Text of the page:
Bat out of Hell – The Musical
Opera House, Manchester
All stage fans have their dream musicals. Buffy’s ’Once More with Feeling’ is one of mine, while the other has been a rumour, a work in progress that always seemed to be in the planning stage: Bat out of Hell – The Musical.
Then I heard it was finally a reality and when it premiered in Manchester, I promised myself I’d catch it one day.
But at the back of my mind I feared it would be another We Will Rock You: a dystopian future; a corrupt, fascist government, and two lovers who kept bursting into a band’s back catalogue. In short, a contrived jukebox musical.
But the difference here is the Bat albums were always the soundtracks to unmade musicals, so it’s more of a natural fit as the boy-meets-girl story unfolds.
Fast forward to now, and after a 75-mile trek, the wife and I are sat in Manchester’s Opera House waiting for curtain up. The set looks like an industrial wreck torn from the pages of Heavy Metal comic; the couple on stage with an impressive motorcycle look like they’re just having a chat. Their indifference is deliberate.
“I remember everything!” yells ripped hero Strat (Andrew Polec) as the lights die and the stage plunges into darkness. It’s so sudden, I’m shocked and thrilled.
We’re off. The stage show I waited 30 years for has gone from zero to 100mph in a few seconds.
I have a rictus grin for the first half as my dream show doesn’t just match my expectations but exceeds them.
I get goosebumps during some of the numbers and can’t believe the quality of the vocals during some favourite tracks.
When I first moved to Yorkshire, I played those Meat Loaf albums on a loop. They were the soundtrack to many journeys back to the Midlands to see the folks. Everyone has their own BOOH stories, those personal interpretations of the lyrics.
There are many stars in this show, and that set is one of them. A masterfully designed multi-level feast for the eyes by John Bausor.
We’re in the city of Obsidian, a futuristic Manhattan cut from the same cloth as John Carpenter’s Escape From New York. It’s brilliantly engineered, revealing new depths and concealed compartments for the duration. Just when I think I know everything the set can do, it morphs into something else, from gritty street to opulent dining room.
The penthouse of controlling, brutal Falco (Rob Fowler) is gorgeous, and as his stunning daughter Raven (Christina Berrington) falls for the permanently young hero Strat, while taking dream suppressants care of her mum Sloane (Sharon Sexton), the story takes our star cross’d lovers on an odyssey connected by that astounding soundtrack.
I resist checking the programme’s song listing for fear of my favourites being excluded.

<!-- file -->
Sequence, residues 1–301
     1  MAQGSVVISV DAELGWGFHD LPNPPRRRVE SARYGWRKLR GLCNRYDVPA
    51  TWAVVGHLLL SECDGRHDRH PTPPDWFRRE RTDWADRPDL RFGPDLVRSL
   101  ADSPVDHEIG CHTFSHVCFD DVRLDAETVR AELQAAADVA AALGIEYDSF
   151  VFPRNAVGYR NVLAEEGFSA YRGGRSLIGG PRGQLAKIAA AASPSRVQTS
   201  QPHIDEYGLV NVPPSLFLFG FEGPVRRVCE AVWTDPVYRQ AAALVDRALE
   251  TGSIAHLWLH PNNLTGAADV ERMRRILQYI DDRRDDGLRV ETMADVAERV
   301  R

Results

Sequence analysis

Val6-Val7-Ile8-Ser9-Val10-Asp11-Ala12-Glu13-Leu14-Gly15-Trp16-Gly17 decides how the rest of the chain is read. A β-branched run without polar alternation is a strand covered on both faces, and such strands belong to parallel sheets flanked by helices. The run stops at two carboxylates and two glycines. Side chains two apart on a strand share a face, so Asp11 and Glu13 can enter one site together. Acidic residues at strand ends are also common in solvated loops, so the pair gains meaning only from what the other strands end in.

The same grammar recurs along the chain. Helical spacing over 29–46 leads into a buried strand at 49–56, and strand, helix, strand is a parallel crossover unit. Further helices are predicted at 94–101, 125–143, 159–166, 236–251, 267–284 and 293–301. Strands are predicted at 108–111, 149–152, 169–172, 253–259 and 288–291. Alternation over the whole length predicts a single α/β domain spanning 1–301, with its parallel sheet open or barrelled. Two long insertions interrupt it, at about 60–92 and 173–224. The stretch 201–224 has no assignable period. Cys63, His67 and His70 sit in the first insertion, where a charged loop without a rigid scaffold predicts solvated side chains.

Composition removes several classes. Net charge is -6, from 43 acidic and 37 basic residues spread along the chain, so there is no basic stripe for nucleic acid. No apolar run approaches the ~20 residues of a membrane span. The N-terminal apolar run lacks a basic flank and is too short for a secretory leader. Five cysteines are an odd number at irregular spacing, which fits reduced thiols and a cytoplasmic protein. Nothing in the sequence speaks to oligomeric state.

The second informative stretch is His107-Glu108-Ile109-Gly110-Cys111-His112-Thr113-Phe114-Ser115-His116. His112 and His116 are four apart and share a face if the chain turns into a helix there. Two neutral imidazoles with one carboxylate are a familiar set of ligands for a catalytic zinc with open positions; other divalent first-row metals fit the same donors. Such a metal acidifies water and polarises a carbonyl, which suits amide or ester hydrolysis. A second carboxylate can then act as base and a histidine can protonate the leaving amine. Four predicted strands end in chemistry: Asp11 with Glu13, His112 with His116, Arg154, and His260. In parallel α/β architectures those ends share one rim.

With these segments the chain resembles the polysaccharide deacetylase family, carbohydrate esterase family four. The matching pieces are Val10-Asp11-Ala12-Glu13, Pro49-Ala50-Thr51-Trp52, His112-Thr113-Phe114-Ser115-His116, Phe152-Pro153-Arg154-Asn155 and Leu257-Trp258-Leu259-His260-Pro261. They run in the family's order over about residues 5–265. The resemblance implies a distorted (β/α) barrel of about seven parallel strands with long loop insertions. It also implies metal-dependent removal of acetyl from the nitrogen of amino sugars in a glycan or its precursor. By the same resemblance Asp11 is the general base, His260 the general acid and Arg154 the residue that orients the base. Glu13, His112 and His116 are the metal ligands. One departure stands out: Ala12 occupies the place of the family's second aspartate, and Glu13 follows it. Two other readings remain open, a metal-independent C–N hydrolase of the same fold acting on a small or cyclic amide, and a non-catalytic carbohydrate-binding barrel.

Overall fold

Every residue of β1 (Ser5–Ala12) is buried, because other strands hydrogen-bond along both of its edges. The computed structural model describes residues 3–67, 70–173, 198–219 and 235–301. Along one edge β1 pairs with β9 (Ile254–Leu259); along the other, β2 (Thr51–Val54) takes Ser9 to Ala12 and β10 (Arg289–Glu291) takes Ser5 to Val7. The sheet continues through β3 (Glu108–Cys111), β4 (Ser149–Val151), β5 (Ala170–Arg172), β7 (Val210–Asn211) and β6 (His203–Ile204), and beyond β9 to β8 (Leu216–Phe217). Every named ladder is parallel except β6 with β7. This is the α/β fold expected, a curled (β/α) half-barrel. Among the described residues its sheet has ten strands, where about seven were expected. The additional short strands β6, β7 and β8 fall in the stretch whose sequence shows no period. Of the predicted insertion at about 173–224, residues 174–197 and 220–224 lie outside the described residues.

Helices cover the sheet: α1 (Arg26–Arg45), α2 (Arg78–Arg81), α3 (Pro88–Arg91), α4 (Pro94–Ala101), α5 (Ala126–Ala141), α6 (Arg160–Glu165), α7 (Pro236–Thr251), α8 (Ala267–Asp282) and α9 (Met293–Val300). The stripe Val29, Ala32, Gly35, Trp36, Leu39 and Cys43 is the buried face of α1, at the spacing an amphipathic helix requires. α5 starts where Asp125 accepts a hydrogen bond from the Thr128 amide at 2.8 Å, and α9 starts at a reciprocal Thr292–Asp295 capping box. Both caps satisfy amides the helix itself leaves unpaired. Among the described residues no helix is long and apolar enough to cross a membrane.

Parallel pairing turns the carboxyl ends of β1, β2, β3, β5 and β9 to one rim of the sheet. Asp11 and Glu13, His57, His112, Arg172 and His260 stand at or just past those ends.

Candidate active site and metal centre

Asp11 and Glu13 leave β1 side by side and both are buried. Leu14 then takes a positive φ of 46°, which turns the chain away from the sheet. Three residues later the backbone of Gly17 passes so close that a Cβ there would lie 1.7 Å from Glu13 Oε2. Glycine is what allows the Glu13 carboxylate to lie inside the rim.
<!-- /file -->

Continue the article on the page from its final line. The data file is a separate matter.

While Tonight Is What it Means to be Young (from 1984 cult offering Streets of Fire) would have worked perfectly, sadly it doesn’t feature. There’s such a wealth of other old Steinman classics, I can live with it. Tracks that provided the soundtrack to millions of peoples’ lives are performed with the sort of gusto usually reserved for show finales.
The first act closes with the eponymous tune and my partner Rachel and I think the same thing: has it done a Wicked and peaked with the standout song by half time?
Thankfully there are so many more highlights, we needn’t have worried.
The cast are terrific. Andrew Polec matches Meat Loaf’s gobsmacking vocal range and looks like he’s stepped from the cover of the first album. Rob Fowler’s a perfect antagonist, with an equally astonishing voice. He pulls off a stunt so literally breathtaking near the finale, I’m astounded. And there are a few of those jaw-dropping moments, including a superb gag involving a Cadillac and raunchy foot-tapper Paradise by the Dashboard Light.
So while I marvel at the set and revel in the songs and performances, I wonder if I’ll get a sucker punch moment that plucks the heart strings like a double bass. When a superb version of Objects in the Rear View Mirror arrives, it proves hugely touching.
While five numbers leave me cold, in a show with 23 outstanding tracks that’s an incredible hit rate.
Or to put it another way, 18 out of 23 ain’t bad.
If great songs are gasoline, some musicals have the tank of a Mini Cooper: they burn through them and are spent in an hour. This show has the fuel capacity of the space shuttle’s external fuel tank.
By the time the show finishes, everyone is on their feet for a well deserved ovation. The couple in front of us on are on their third viewing, while the pensioner to our right looks like she’s won the lottery.
I’m amazed Steinman chose to give his show its premiere in Manchester, but as it nears the end of its northern run before transferring to London, I’d urge anyone to go and see it. The ads aren’t big enough to do it justice. And as much as I hope it will tour closer to home, this needs to be on as big a stage as possible.
It’s a sexy, funny, epic masterpiece that justified my 30-year wait. I can only hope it does well enough in London and on Broadway to justify an IMAX movie, and preferably without messing up the screenplay to accommodate its main star like Rock of Ages.
For crying out loud, go and see it.